They have perfected a way to do this with 20 to 40 foot powered rolls, very small diameter for that length, with some pre pressing on a 20 or 40 foot press brake (several hundred tons) with specially made curved dies. They use a series of thin (1" to 2") phenolic donuts, each smaller in diameter than the last, to do the final forming on a press brake, then pull the donuts out the big end with a winch.
Then they weld them with a motorized mig gun.
This gives a relatively low per piece cost, because typical quantities are in the hundreds or thousands.
But the setup price would be in the millions today.

The other way they frequently do this is with a tapered steel inner die, and a cnc swaging machine, that has six or eight "hammers" which simultaneously swage from all sides at once.
Again, millions in setup.

There are cnc tube tapering spinning lathes, too. Still out of your price range. https://youtu.be/idHAxXANdHA

I woud consider a square or hexagon shape, rather than a round- that, you could either just cut flat tapered pieces, and make an inner buck from plywood to hold it in place while welding.

Or, you could bend halves or thirds or quarters, if you had a 6 meter press brake.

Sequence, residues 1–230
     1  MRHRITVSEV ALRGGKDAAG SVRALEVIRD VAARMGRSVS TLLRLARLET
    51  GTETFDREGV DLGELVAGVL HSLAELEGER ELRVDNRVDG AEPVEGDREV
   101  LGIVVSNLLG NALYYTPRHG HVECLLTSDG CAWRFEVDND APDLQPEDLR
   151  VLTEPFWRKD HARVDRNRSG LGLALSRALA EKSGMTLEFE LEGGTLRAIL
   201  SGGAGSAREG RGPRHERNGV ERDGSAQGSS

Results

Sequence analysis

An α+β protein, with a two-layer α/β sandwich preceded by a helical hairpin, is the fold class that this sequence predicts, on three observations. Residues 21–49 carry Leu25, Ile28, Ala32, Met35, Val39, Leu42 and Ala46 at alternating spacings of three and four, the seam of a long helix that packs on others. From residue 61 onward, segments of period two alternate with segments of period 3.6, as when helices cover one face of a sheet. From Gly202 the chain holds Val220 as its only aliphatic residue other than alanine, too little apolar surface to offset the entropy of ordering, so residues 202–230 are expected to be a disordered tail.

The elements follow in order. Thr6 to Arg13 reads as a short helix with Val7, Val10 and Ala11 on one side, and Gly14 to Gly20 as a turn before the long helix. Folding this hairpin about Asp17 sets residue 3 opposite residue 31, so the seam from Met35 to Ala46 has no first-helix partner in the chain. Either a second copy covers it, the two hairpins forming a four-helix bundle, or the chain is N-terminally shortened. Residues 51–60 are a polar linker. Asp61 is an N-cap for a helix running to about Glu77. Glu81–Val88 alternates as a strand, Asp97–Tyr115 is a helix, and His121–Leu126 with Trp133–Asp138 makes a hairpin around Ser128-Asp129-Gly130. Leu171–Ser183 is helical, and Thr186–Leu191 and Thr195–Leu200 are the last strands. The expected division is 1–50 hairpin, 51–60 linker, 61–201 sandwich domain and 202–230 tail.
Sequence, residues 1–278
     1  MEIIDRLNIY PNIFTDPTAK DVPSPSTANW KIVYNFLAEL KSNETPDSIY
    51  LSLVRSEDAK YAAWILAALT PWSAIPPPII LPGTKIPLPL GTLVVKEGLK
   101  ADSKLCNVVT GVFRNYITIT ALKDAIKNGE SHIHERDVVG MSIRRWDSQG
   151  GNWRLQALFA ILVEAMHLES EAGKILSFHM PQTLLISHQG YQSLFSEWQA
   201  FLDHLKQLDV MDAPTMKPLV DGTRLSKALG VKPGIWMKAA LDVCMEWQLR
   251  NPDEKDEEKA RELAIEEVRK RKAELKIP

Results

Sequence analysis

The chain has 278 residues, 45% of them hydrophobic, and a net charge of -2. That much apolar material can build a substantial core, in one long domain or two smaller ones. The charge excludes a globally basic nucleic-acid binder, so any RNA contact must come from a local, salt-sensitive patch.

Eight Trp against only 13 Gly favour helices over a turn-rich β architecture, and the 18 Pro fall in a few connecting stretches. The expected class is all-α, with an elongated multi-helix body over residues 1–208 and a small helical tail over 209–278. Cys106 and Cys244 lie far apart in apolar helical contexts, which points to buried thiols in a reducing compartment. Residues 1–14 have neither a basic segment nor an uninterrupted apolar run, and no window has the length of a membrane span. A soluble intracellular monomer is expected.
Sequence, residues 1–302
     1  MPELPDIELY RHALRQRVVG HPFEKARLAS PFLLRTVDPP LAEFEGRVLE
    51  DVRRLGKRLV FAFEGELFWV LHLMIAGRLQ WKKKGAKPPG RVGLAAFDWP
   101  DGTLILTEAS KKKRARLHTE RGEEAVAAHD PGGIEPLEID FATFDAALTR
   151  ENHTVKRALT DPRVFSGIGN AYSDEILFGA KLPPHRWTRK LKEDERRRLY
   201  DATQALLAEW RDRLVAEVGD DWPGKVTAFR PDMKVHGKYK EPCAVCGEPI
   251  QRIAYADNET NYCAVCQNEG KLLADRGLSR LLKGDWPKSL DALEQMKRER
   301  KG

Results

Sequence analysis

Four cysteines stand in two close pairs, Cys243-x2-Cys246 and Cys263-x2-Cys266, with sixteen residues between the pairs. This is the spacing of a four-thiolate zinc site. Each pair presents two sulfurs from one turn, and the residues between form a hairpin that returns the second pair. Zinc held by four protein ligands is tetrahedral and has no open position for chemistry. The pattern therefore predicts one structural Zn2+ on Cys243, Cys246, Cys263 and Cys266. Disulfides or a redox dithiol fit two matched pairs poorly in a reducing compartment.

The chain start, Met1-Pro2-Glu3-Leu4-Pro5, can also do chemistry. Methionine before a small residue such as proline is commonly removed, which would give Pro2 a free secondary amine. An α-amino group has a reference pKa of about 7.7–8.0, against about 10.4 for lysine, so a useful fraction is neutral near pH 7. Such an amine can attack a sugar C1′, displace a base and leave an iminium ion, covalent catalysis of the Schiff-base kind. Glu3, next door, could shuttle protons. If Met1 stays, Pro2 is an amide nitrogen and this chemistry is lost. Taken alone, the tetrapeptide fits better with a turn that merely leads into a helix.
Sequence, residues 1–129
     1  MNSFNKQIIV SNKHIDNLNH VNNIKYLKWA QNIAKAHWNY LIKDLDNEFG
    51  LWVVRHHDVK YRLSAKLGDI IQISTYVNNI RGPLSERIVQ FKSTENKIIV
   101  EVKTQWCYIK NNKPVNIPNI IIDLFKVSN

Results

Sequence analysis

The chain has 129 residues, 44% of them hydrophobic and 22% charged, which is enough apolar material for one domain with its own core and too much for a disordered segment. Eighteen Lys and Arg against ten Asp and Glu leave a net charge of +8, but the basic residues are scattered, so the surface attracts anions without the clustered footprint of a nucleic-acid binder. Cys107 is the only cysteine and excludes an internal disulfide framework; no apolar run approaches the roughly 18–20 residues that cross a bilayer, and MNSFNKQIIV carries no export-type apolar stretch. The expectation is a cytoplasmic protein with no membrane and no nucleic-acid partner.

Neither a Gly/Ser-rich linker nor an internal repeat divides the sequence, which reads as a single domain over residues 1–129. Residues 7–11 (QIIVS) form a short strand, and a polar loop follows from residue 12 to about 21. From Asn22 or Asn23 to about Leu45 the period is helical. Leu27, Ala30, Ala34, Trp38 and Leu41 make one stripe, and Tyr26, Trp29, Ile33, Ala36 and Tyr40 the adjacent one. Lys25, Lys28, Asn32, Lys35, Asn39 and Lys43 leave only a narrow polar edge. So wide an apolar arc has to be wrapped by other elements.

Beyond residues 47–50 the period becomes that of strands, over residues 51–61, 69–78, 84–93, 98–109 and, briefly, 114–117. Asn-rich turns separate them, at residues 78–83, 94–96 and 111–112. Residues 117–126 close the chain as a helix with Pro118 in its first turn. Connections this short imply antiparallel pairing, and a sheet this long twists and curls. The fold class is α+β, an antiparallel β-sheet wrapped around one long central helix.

The reason that you cant buy one of these off the shelf for a hundred dollars is because its HARD.
Just because you want it, doesnt mean it can be cheap or easy to make.

And, "machining"?
Yes, theoretically you could machine one of these- with a 6 meter gun drill, step drilling. And a 6 meter lathe, turning the outside, from a solid blank.
Again, hideously expensive, and probably would only be done by a goverment if it somehow was needed for a weapon or a space vehicle.

This is fabricating, no matter how you look at it, not machining.
And carbon fiber will be cheaper.
 

Milland

Diamond
Joined
Jul 6, 2006
Location
Hillsboro, New Hampshire
I like the idea of pressure shaping the raw part, however it's done. I'd suggest welding the inlet to the small end as a machined solid, manually "hammer shaping" the tube end round first and sizing the water entry plug to fit tightly before welding it in.

For the large end, unless it's already round due to starting with tubing, I'd use a hemispherical shape rather than a flat plate to close it off. This can be adjusted with a hammer to match the end for welding, and will handle distortion from pressure better than a flat plate would.

Consider having the tube annealed before shaping, and age hardened afterwards to give it better mechanical properties.
 

laukejas

Plastic
Joined
Feb 27, 2022
The flat-panel method is just for simplicity. Accurately splitting and tapering a round tube is, in my experience, a very difficult task without specialized equipment. I've not had good results using a bandsaw, and cutting aluminum with an abrasive disc isn't much fun either! Also, bending up edges on flat panels automatically leaves a nice V for a through-weld, although forming that V with a flap wheel after the fact isn't a problem.